4 5

statute of limitations is to expedite the habeas corpus process and to end abusive delays and late filings. Yet the Second Circuit rule would permit prisoners to delay the running of the petition by filing frivolous, obviously improper state post-conviction applications. Indeed, the Second Circuit rule would permit prisoners to file, in bad faith, repeated applications for such review and thereby toll the limitations period indefinitely. Congress surely did not intend that the limitations period he utterly ineffective in most States until the States amend their post-conviction review processes to eliminate a tolling loophole.

Nor does the Second Circuit rule advance the objective of permitting prisoners to exhaust their state court remedies. It is textbook habeas corpus law that a procedurally improper filing such as respondent Bennett's does not exhaust state remedies. Similarly, second or successive applications that are procedurally rejected because they fail to raise new facts or law do not exhaust state remedies.

C. The doctrine of comity is advanced by a construction of "properly filed" under which federal courts look to state procedural rules to determine whether applications were filed "properly." Comity is also furthered by expediting the habeas corpus process an objective undermined by the Second Circuit rule. It is true that, under the position advocated by the Amici States, federal courts will have to interpret state procedural rules. But federal courts already do that every time they are called upon to find a prisoner's claim unexhausted or procedurally barred Finally, district courts are well-equipped to handle protective filings submitted by prisoners who in good faith have also filed second or successive state applications.
ARGUMENT

AN APPLICATION FOR STATE POST-CONVICTION
RELIEF THAT IS BARRED BY THE STATE'S

PROCEDURAL RULES IS NOT A "PROPERLY FILED"
APPLICATION THAT TOLLS THE ONE-YEAR
LIMITATIONS PERIOD ON FILING HABEAS CORPUS
PETITIONS

The tolling provision of 28 U.S.C. 2244(d)(2) reflects Congress' intent to ensure that state inmate'~ flr~t exhaust their claims in state court before filing habeas corpus petitions in federal court. In the run-of-the-mill case, the dual interests reflected in 2244(d) resolving inmates' claims expeditiously and respecting state tribunals are satisfied without controversy. When a prisoner satisfies all of a State's procedural rules governing post-conviction relief, and the state courts deny relief through an opinion that reaches the merits of the claims, 2244(d) is easily applied. The inmate's application was unquestionably "properly filed"; he then has one year from the date the state courts finally denied the application to file a habeas corpus petition in federal court (minus the time that elapsed between the end of direct review and the filing of his state post-conviction application).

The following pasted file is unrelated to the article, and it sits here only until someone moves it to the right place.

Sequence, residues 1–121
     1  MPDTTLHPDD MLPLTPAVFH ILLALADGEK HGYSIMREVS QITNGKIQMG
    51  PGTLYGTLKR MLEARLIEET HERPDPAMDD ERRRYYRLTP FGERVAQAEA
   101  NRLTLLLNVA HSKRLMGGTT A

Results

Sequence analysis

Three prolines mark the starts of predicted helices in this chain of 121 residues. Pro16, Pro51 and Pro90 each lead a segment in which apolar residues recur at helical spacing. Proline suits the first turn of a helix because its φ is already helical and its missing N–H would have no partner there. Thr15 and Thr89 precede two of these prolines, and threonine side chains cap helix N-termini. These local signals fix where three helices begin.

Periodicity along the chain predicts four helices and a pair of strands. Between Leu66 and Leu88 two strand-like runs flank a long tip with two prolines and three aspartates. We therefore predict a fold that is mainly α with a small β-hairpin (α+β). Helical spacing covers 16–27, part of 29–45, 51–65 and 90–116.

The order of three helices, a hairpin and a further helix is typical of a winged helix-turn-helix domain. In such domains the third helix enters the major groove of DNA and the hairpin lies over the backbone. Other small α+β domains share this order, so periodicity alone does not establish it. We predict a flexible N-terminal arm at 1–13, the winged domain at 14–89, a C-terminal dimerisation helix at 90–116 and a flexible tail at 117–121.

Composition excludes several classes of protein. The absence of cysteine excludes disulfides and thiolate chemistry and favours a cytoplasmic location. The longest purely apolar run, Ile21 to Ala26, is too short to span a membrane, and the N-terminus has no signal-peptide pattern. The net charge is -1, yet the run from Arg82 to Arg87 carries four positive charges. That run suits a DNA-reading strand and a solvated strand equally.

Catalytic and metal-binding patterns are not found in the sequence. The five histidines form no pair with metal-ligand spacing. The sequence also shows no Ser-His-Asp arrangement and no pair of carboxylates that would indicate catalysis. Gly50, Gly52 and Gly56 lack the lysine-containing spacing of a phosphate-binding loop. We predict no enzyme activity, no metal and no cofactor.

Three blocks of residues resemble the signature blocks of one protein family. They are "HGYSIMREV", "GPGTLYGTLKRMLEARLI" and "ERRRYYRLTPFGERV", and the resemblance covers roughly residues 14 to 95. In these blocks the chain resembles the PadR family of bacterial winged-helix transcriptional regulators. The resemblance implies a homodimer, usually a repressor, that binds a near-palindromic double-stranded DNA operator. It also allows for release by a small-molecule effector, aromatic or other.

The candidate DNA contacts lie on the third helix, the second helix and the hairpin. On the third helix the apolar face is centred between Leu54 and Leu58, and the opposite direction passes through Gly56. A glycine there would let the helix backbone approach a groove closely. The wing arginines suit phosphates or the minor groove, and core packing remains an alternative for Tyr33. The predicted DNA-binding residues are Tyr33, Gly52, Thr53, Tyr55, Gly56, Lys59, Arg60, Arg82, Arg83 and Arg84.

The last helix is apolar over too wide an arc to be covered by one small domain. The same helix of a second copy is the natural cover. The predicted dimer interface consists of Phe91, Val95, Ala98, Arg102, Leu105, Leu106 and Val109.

Application of the tolling provision has engendered dispute when inmates' applications failed to comply with the States' procedural rules governing post-conviction relief. The Second Circuit, and several other lower courts, have ruled that an application for state post-conviction relief can be "properly filed" even if it is dismissed on the ground that it failed to meet a State's procedural rules. The Second Circuit stated that the words "properly filed" "mean simply that an application for

6 7

state post-conviction relief recognized as such under governing state procedures has been filed." Pet. App. 1 7a. More concretely, the court held that a "properly filed" application is any application that seeks post-conviction relief on its face and is filed in accordance with "the rules governing notice and the time and place of filing." Pet. App. 14a (quoting Villegas v. Johnson, 184 F.3d 467, 469 (CAS 1999) (quoting Lovasz v. Vaughn, 134 F.3d 146, 148 (CA3 1998)). Thus, even an application for post-conviction relief that is obviously barred because it presents claims that are only cognizable on direct review would be deemed "properly filed." See, e.g., Pet. App 16a.1

An alternative interpretation is that an application for state post-conviction relief is "properly filed" only if it correctly meets all of the state's procedural requirements governing post-conviction relief. Put slightly differently, a claim that cannot be heard on the merits under state law because it is barred by a state procedural rule is not "properly filed." The Ninth Circuit adopted this approach in Dictado v. Durchame, 189 F.3d 889 (CA9 1999), where it held that a prisoner's fourth state application that had been dismissed as time-barred and successive by the state's highest court was not "properly filed."



The precise contours of this approach (referred to herein as the "Second Circuit rule") are not clear. The Fifth Circuit has held that even an untimely application for post-conviction review is properly filed" if, in limited circumstances, the state court may excuse the tardiness. Smith v. Ward, No. 98-30444, 2000 WL 358294 (CAS April 7, 2000). Yet the Fifth Circuit had earlier held that "properly filed" refers to little else besides "the rules governing notice and the time and place of filing." Villegas, 184 F.3d at 469 & n.2, quoted in Pet. App. 14a.